NYC transit agency seeks
$4 billion federal bailoutNEW YORK — The biggest commuter system in North America could face financial ruin as ridership has plunged during the coronavirus pandemic, prompting the Metropolitan Transportation Authority that services the New York City area to seek a federal bailout.
The MTA is asking for $4 billion due to the increasing spread of COVID-19, an outbreak that has seen fewer people riding its trains and buses. Ridership on subways are down 71%, buses are down 60%, the Long Island Railroad is down 67% and the Metro-North is down 90%.
On the orders of the governor, mayors as well as other leaders and experts to stay home, New Yorkers are following the advice, thus leading to the steep drop in ridership. However, the MTA is still running weekday services to transport essential workers to and from their jobs.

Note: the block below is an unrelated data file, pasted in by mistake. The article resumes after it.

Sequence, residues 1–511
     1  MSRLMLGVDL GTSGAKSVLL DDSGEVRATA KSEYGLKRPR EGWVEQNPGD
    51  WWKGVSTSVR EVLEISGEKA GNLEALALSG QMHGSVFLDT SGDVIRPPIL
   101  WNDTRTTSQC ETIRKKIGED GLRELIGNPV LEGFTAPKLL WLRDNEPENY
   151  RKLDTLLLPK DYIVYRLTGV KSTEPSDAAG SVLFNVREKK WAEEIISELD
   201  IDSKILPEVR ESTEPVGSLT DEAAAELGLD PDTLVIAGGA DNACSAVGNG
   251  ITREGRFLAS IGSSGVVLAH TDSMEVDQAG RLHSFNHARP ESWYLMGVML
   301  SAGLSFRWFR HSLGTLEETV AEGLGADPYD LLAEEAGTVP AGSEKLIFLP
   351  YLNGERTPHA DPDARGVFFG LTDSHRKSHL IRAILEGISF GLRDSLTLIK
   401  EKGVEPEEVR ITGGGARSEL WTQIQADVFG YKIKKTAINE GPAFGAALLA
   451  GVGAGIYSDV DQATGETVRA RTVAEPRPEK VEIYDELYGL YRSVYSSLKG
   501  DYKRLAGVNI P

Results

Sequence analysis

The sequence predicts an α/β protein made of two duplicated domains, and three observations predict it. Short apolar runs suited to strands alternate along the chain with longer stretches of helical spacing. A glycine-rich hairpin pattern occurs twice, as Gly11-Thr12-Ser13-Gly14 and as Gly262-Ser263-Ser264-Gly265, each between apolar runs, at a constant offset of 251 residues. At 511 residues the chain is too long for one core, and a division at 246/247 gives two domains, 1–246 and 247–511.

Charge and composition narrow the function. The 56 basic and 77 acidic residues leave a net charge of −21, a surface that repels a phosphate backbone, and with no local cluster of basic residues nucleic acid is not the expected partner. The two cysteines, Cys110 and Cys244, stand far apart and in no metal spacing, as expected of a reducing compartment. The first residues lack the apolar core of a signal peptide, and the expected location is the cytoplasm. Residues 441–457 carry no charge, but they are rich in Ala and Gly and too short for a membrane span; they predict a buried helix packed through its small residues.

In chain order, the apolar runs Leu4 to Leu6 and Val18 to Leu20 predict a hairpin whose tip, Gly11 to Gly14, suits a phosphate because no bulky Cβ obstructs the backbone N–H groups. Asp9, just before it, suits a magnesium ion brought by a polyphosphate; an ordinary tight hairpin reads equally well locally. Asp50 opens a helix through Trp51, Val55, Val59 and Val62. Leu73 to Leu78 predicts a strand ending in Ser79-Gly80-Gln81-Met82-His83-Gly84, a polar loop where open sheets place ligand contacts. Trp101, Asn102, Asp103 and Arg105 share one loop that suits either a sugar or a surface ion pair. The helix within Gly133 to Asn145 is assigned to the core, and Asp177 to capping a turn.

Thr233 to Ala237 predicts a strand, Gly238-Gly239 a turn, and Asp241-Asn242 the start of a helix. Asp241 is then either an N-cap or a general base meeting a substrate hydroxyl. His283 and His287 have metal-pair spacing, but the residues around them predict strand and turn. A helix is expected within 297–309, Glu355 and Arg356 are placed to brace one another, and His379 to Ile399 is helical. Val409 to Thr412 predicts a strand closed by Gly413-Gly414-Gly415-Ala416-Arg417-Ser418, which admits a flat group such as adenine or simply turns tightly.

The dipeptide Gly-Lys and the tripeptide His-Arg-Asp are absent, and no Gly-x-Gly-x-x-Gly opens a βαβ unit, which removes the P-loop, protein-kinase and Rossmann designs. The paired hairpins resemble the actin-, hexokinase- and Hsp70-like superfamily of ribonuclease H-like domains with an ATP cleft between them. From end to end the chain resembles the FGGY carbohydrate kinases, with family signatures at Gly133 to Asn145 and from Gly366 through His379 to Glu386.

“The MTA system is the circulatory system of the New York and regional economy and it’s an urgent matter because we have incurred a revenue loss approaching $4 billion, and we’re spending about $300 million –– both of those numbers are on an annualized basis –– to disinfect stations, subway cars, Metro-North and Long Island Rail Road cars, buses and paratransit,” chairman and CEO Patrick J. Foye said.
“We’ve increased substantially the frequency and intensity of our disinfecting and it is really critical that in order to maintain MTA service that the federal government make good, in terms of reimbursing the MTA for that $4 billion. Time is really of the essence,” he added.
— New York Amsterdam News